When Pariak was clear, we trudged forward into the village, past the smoking ruins of tin shacks into the shade of the mango trees beside the river. The soldiers loaded their dead and dying comrades onto the flatbed of our truck, their sticky blood coating our equipment. Wounded men lying in the shade gasped for water, while others roamed about cadging cigarettes, some dazed, others laughing in exhilaration. "Will we reach Bor tonight?" we asked the general in command.
"Tonight? I don't think so," he replied. "Maybe tomorrow afternoon now, it is already late. But our forces are ahead, and tomorrow we will hear the good news from Bor."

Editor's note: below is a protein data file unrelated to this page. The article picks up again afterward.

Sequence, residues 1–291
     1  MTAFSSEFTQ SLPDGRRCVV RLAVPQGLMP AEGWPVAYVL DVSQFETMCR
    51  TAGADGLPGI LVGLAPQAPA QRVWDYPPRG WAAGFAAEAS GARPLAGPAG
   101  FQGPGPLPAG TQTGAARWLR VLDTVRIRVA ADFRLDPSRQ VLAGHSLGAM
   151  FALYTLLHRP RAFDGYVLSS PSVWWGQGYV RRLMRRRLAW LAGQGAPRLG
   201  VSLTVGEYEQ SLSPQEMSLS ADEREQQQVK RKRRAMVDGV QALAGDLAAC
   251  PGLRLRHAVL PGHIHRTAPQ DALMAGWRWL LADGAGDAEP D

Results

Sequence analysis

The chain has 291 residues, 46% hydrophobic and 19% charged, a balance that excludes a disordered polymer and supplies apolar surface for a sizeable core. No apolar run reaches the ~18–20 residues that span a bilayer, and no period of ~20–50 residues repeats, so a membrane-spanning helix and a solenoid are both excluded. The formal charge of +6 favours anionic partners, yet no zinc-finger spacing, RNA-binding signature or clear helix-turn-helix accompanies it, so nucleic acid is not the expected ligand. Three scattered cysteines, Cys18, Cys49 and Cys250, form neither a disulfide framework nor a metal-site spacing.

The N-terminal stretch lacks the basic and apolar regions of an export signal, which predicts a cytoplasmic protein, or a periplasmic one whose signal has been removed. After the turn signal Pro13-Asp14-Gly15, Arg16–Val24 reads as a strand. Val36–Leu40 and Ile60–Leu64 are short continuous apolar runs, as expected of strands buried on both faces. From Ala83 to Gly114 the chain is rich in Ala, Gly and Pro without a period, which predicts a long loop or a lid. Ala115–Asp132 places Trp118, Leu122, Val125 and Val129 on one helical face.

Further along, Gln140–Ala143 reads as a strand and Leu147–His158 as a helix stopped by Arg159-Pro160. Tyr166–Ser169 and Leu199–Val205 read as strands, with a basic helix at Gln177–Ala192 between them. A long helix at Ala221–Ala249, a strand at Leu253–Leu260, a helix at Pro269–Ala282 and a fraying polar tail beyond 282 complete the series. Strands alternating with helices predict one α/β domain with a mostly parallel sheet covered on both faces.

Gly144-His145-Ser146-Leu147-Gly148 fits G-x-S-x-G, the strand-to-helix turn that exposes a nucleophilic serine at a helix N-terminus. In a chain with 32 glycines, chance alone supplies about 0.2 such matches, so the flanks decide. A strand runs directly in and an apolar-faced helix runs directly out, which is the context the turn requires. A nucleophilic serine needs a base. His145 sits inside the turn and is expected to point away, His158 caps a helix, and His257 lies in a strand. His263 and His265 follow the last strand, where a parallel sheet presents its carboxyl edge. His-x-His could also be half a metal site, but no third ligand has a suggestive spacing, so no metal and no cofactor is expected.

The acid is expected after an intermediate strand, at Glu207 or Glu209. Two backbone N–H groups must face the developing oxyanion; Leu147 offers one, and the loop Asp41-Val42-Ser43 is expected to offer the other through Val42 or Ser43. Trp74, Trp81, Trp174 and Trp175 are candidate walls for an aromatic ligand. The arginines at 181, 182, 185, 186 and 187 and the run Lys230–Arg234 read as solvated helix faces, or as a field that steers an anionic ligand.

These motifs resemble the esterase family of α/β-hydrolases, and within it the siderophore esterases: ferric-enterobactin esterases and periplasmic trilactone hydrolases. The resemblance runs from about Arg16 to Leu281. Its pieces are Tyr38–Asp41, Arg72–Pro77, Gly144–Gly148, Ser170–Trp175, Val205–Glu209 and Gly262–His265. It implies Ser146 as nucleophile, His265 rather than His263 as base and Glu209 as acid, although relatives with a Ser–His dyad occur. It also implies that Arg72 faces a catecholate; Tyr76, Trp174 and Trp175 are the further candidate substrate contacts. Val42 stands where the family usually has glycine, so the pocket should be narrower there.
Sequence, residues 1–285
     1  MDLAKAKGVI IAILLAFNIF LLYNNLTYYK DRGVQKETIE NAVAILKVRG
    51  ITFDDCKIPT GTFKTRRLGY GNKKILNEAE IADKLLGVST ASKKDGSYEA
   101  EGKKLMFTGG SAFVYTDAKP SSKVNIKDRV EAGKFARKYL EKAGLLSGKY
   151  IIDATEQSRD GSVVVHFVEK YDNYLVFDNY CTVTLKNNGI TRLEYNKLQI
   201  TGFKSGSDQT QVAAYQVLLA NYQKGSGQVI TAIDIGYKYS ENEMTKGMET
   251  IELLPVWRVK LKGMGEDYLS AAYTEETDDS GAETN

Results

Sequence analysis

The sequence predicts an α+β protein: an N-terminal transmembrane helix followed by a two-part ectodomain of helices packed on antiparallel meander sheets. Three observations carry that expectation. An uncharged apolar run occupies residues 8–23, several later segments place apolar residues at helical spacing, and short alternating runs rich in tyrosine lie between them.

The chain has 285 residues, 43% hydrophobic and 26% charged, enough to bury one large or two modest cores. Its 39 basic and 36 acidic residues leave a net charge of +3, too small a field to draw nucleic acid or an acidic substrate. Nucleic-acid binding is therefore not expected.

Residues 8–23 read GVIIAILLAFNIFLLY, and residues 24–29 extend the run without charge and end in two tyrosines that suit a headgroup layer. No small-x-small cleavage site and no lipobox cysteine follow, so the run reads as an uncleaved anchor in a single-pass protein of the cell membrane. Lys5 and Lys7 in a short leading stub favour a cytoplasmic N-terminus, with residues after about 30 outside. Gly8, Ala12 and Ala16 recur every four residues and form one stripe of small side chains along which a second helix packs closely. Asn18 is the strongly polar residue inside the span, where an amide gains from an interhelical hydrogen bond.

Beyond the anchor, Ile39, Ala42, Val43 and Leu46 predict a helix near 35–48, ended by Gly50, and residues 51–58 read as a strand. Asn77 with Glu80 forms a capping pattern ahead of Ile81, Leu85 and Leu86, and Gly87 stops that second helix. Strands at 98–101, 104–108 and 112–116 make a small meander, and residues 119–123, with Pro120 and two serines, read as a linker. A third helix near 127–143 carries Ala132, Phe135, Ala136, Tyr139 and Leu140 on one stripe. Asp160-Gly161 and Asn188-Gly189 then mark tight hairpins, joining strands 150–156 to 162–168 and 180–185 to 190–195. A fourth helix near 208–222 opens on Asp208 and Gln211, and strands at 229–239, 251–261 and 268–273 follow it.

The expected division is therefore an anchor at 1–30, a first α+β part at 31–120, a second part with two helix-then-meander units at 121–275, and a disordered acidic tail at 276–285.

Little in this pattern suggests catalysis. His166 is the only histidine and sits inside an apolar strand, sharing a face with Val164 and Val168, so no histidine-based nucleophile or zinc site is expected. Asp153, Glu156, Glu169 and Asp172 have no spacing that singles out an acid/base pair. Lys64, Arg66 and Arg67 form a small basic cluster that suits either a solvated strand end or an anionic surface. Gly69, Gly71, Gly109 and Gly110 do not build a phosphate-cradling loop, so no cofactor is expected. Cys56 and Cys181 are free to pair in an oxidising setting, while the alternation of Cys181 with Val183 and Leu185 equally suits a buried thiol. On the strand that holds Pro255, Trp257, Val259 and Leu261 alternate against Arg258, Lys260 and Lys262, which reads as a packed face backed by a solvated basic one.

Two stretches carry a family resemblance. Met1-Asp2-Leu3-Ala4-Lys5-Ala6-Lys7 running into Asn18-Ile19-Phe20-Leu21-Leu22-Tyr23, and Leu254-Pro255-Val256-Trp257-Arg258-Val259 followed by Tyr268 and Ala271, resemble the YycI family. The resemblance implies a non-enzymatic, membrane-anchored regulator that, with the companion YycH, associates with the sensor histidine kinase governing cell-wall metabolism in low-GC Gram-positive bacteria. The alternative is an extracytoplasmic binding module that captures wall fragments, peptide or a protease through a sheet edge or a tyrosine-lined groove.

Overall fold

The barges had reached Pariak now, and the infantry jumped off, splashing onto the riverbank to clear the bush while the dead and wounded were loaded onto speedboats heading down the Nile to Juba. The generals conferred on plastic garden chairs beneath a tree while men milled around the empty village, catching and killing chickens for lunch or fishing in the river. A sort of order asserted itself as ammunition trucks drove up to Pariak, escorted by a tank clanking along the road. As the soldiers reloaded their magazines and chatted in the shade, or dozed, or argued, or gutted fish, we wandered to the riverbank where a dead rebel lay with his feet dangling in the still blue river. He was about 16 or so, in camouflage SPLA uniform, a single bullet hole drilled neatly though the tribal scarification on his temple, wet blood pooling under his head. "You see," said a junior officer, "they wear the same uniforms as us, how can we tell who is a rebel and who is one of us?" Beside us, naked soldiers washed themselves, splashing each other and whooping with glee in the Nile.